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Ramaphosa imposes tougher COVID-19 restrictions



Faced with a rising number of COVID-19 infections and increasing hospital admission amid a third coronavirus wave, President Cyril Ramaphosa has announced stricter lockdown regulations.

In an address to the nation on Tuesday night, Ramaphosa moved the country to Alert Level 3 in an effort to curb the spike in COVID-19 infections.

Among the measures announced tonight is a ban on alcohol sales and new curfews that kick in from tonight when the regulations are gazetted.

The sale of alcohol will be permitted from 10am to 6pm Monday to Thursday.

Public Holidays are excluded.

On-site sale of alcohol is permitted at premises up to 9pm.

A curfew starting from 10pm to 4am will take effect from midnight while gatherings will be limited to 50 people indoors and 150 outdoors.

Attendance at funerals may not exceed 50 people and after-funeral gatherings are not allowed.

This comes as the National Institute for Communicable Diseases reported that 8 436 new COVID-19 cases have been identified in South Africa on Tuesday.

This represented a 17.8 percent positivity rate.

The World Health Organisation considers a positivity rate greater than five percent a cause for concern.

Professor Koleka Mlisana, head of the Ministerial Advisory Committee, said social gatherings and lack of restraint from South Africans to adhere to the lockdown restrictions had added to the worrying surge in COVID-19 cases.

Calling for tighter restrictions, she said that if South Africans did not manage the steep increase in infections it will “spill over to the healthcare facilities”.

“At an individual level, people are not adhering to the regulations of social distancing and not wearing masks. We need to be accountable citizens,” she said. – IOL

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17 confirmed dead at East London tavern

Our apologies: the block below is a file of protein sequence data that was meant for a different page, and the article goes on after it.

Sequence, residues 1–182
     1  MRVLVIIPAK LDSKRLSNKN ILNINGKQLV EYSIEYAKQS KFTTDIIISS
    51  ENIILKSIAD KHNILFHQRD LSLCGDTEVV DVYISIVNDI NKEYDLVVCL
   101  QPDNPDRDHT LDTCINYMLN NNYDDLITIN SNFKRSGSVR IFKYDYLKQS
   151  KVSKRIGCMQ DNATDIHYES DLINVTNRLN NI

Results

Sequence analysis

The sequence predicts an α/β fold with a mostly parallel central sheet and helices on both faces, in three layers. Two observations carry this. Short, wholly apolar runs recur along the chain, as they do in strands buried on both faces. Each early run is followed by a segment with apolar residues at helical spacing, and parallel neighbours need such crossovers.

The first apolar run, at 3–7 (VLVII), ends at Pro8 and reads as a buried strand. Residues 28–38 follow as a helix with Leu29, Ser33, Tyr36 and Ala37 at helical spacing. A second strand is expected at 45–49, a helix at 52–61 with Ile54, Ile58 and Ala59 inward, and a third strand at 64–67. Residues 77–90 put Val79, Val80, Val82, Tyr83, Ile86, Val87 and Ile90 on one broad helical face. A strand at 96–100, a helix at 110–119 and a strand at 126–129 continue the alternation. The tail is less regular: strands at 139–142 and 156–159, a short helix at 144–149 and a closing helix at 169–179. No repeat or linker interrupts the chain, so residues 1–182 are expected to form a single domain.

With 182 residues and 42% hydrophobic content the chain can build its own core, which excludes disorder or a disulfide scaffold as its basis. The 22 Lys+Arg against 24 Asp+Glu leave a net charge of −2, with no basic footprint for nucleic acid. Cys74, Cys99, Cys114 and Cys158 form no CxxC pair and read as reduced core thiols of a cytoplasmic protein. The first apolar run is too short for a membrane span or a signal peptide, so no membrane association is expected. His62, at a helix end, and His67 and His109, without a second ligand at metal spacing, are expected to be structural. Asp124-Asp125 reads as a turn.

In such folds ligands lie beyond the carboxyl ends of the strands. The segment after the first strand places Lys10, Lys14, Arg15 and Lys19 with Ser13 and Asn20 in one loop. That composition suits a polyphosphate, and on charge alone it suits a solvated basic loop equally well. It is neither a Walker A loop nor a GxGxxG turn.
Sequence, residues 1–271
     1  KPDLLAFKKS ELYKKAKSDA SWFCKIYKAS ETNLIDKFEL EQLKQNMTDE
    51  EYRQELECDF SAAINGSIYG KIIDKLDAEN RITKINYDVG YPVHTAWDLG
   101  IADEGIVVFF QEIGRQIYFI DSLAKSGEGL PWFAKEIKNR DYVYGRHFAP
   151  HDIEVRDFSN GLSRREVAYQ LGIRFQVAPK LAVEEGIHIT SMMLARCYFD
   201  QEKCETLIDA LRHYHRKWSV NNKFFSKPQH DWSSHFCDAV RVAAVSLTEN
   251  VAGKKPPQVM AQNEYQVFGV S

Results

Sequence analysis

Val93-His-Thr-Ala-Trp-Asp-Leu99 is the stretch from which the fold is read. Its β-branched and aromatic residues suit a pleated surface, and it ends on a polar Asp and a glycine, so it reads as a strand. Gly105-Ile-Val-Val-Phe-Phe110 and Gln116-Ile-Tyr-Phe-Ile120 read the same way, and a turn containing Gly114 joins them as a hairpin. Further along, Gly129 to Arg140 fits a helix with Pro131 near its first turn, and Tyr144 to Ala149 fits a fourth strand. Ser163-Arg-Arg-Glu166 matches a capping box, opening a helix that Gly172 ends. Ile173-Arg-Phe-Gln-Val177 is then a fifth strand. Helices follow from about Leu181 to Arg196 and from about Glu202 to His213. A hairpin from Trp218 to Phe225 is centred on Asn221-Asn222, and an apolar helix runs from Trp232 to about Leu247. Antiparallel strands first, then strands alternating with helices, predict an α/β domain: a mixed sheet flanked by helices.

HORROR AT CLUB . . . Police are investigating the deaths of at least 17 patrons at a tavern in East London

Authorities are investigating the deaths of at least 17 patrons found inside a popular township tavern in East London, police officials said on Sunday.

Brigadier Tembinkosi Kinana said police were alerted by members of the public to the incident at Scenery Park, about three kms from the city centre.

“The circumstances under which they died are under investigation,” Kinana said, adding it was too early to determine the cause of death of the young adults aged between 18-20 years. – Reuters

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Zondo wants Magashule, Zwane charged over failed Vrede Dairy Project



CALLING FOR ACTION . . . Chief Justice Raymond Zondo wants law enforcement agencies to pursue Free State government officials involved in the failed Vrede Dairy Project

Chief Justice Raymond Zondo has marked the trio of former Free State premier Ace Magashule, former MEC Mosebenzi Zwane and former head of the provincial agriculture department Peter Thabethe as possibly liable for the infamous Vrede Dairy Project and wants them charged for their roles in the failed enterprise.

In the latest report of the State Capture Commission of Inquiry released on Wednesday evening, Zondo found that the Free State provincial government unlawfully paid a Gupta family-linked company, Estina, over R280-million for a project that ironically sidelined small-scale black farmers – the intended beneficiaries of the project – and got nothing in return.

“The whole Vrede Dairy Project (debacle) happened because Mr Thabethe dismally failed to do his job and failed to protect the interests of the [department of agriculture and rural development] and to protect taxpayers’ money,” read part of the report.

Thabethe is already facing criminal charges – together with other people and companies – in connection with the failed dairy project but the matter has been provisionally removed from the court roll.

Zwane and Magashule have however not been charged in the matter.

“It also happened because Mr Mosebenzi Zwane as MEC was pursuing the agenda of the Guptas and did not do his job to perform oversight over Mr Thabethe,” added the report.

“It also happened because the premier of the province, Mr Ace Magashule, would have also been pursuing the agenda of the Guptas.”

The main idea behind the Vrede Dairy Project was to introduce black farmers in the Memel and Vrede areas to farming with dairy cows, process their milk and sell milk products on the provincial and national dairy products market.

The farmers were told about the project by Zwane.

However, the promises made to these community members were never realised.